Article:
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Richard Gutheil (1951-2007)
Short North shop owner remembered as a gentleman and a generous soul

March 2007
by Jennifer Hambrick

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Richard Gutheil, owner of Rich's Antiques & Collectibles

Some may wonder what will become of Rich’s Antiques & Collectibles, at 1124 N. High St., now that its owner, Richard Gutheil, has died. A longtime Short North resident with deep roots in the area, Gutheil died at his home January 17. He is survived by seven siblings and a large extended family.

Gutheil had been on chemotherapy for lymphoma, his sister Rose Persinger said, but about a week before his death, he told his siblings the doctor had given him a clean bill of health.

“He acted in good spirits,” John Gutheil said. “That’s why (his death) was kind of a shock to us. We weren’t expecting it.”

People liked Gutheil to the extent they knew him, but many who considered him a friend still said he kept to himself.

“He wasn’t a quiet guy, but he wasn’t easy to get to know,” said Mary Martineau who, while executive director of the Short North Business Association, knew Gutheil as a loyal SNBA member. “He was always very personable, very warm and sort of enigmatic.”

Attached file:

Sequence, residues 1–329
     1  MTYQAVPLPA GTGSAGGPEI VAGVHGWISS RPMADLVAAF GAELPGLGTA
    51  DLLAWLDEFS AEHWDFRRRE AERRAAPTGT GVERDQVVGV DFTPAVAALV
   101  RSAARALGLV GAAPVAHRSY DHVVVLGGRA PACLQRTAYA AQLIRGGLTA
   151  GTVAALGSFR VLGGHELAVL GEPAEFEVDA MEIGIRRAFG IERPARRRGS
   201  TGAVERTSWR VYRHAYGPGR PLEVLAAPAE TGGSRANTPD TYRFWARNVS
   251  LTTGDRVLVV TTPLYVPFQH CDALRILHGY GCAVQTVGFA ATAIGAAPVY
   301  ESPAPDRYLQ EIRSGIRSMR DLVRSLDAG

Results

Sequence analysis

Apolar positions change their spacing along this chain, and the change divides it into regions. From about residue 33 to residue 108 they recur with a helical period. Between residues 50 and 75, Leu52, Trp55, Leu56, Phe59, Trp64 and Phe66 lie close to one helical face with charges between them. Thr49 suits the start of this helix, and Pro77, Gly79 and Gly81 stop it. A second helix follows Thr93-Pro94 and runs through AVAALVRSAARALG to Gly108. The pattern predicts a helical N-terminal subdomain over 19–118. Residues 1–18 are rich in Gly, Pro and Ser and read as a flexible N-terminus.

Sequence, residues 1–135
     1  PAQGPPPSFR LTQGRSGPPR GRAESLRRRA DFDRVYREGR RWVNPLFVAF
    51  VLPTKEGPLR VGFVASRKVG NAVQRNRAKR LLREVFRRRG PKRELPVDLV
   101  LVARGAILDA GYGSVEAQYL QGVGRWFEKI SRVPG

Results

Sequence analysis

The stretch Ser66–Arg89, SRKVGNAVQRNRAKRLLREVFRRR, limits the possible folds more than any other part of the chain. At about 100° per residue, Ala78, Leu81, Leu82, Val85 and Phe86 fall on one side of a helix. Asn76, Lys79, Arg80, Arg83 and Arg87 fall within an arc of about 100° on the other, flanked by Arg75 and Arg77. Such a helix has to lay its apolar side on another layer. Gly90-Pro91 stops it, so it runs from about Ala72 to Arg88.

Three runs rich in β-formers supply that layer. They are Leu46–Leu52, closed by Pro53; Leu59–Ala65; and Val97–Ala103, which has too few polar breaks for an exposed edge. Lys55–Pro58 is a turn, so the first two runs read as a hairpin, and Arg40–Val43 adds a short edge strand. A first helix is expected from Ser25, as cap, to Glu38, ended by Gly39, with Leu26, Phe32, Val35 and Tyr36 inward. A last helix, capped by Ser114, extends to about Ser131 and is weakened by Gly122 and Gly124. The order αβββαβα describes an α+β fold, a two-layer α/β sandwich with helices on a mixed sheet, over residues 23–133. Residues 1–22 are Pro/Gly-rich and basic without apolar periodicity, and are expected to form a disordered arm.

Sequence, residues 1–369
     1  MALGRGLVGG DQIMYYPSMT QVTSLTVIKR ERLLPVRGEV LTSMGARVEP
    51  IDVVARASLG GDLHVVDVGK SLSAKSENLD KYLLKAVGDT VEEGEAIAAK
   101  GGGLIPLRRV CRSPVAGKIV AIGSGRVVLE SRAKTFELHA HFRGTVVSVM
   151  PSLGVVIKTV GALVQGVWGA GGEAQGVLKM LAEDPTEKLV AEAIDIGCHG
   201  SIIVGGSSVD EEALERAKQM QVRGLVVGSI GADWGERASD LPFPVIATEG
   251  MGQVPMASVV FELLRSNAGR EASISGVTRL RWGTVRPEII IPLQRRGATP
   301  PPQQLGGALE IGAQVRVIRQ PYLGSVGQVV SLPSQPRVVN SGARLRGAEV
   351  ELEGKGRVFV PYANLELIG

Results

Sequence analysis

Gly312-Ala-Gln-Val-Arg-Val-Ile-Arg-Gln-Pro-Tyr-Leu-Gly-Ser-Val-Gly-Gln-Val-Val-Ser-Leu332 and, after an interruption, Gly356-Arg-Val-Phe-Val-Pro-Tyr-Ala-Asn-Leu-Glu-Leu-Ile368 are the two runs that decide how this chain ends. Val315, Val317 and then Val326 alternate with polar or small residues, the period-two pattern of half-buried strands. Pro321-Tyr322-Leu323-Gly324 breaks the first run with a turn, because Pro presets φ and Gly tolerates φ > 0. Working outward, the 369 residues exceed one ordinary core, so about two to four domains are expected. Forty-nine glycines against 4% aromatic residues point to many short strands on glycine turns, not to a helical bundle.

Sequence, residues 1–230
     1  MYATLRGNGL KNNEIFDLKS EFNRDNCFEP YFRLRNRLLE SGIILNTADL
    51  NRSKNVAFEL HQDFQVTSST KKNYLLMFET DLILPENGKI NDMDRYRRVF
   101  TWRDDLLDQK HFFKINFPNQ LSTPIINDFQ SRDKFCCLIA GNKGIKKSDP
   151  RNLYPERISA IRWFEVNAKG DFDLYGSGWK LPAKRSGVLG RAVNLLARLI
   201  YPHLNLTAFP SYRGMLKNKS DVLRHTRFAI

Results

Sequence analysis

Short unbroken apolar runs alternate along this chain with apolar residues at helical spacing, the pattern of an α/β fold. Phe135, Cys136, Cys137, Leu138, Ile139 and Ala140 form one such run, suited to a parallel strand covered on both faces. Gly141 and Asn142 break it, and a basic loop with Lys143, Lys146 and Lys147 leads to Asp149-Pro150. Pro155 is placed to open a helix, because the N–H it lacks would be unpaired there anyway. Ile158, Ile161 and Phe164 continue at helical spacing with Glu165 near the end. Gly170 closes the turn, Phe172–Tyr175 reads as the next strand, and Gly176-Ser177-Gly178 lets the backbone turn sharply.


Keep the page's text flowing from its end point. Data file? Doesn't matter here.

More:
“He was a very nice man. He was very private,” said Melaine Mahaffey, owner of Mary Catherine’s Antiques, two doors north of Rich’s Antiques. “I don’t think anybody along there knew him too well, but he was a gentleman and an excellent neighbor.”

Gutheil held a Ph.D. in food science and human nutrition from the University of Missouri, but pursued an entrepreneurial career as an antiques dealer. The change from food science to antiques was surprisingly logical for Gutheil. His parents had owned and operated Bargain House Furniture, a used and discount furniture store, in the Short North since 1958. Rich was following in the footsteps of his uncle, an antiques dealer, when he opened Rich’s Antiques about fifteen years ago in a street-level shopfront in a building his parents owned.

Many remember the store’s Candyland-like path winding amidst heaps of antique furniture and collectibles.

“It’s sort of an old-fashioned antique shop that’s just packed with stuff, and there’s just sort of a little path to get through,” Mahaffey said.

Martineau said Rich’s Antiques was “crammed full of his discoveries. Everything was meticulously arranged by collection, but you’d have to look at everything collection by collection in order not to be overwhelmed.”

Rich's Antiques & Collectibles, 1124 N. High St.
© Photo/ Darren Carlson

“It looked almost like going back in history,” said John Gutheil. “He had almost everything collectible. He probably had 300 or 400 different pepper shakers. Normally real unusual stuff. He had real good collectible glassware in every color imaginable. Glass beer bottles with ‘blob tops’ – a blob of glass with a cork inside. Bottles from the Columbus Brewery District. It’s like history when you’re looking at it.”

Gutheil developed a passion for antique glass, and other antiques dealers sought him out to date and authenticate pieces.